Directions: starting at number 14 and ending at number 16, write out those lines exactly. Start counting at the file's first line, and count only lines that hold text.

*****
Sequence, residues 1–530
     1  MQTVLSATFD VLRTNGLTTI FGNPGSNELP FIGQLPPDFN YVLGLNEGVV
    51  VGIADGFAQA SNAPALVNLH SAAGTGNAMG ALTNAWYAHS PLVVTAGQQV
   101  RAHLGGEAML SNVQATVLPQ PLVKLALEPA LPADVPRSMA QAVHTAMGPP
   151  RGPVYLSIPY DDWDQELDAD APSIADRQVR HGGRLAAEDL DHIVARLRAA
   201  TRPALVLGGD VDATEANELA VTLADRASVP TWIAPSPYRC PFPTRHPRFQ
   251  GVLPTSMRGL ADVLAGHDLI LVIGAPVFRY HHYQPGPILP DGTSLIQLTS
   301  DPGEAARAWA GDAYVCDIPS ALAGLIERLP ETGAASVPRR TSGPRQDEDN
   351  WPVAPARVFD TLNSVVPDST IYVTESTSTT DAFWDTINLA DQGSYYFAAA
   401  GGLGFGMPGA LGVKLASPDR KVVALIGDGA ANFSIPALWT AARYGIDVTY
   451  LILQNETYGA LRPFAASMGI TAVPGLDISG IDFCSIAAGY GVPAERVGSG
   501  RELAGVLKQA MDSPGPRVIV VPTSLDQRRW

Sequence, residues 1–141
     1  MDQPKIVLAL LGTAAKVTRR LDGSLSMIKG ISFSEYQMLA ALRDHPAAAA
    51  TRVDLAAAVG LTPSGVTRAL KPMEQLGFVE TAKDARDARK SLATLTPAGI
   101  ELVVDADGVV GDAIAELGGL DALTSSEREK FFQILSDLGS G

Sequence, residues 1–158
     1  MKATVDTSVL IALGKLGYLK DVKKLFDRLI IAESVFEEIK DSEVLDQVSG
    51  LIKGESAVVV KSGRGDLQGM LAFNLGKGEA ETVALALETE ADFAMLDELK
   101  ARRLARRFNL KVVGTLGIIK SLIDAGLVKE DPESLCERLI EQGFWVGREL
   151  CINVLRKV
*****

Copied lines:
     1  MDQPKIVLAL LGTAAKVTRR LDGSLSMIKG ISFSEYQMLA ALRDHPAAAA
    51  TRVDLAAAVG LTPSGVTRAL KPMEQLGFVE TAKDARDARK SLATLTPAGI
   101  ELVVDADGVV GDAIAELGGL DALTSSEREK FFQILSDLGS G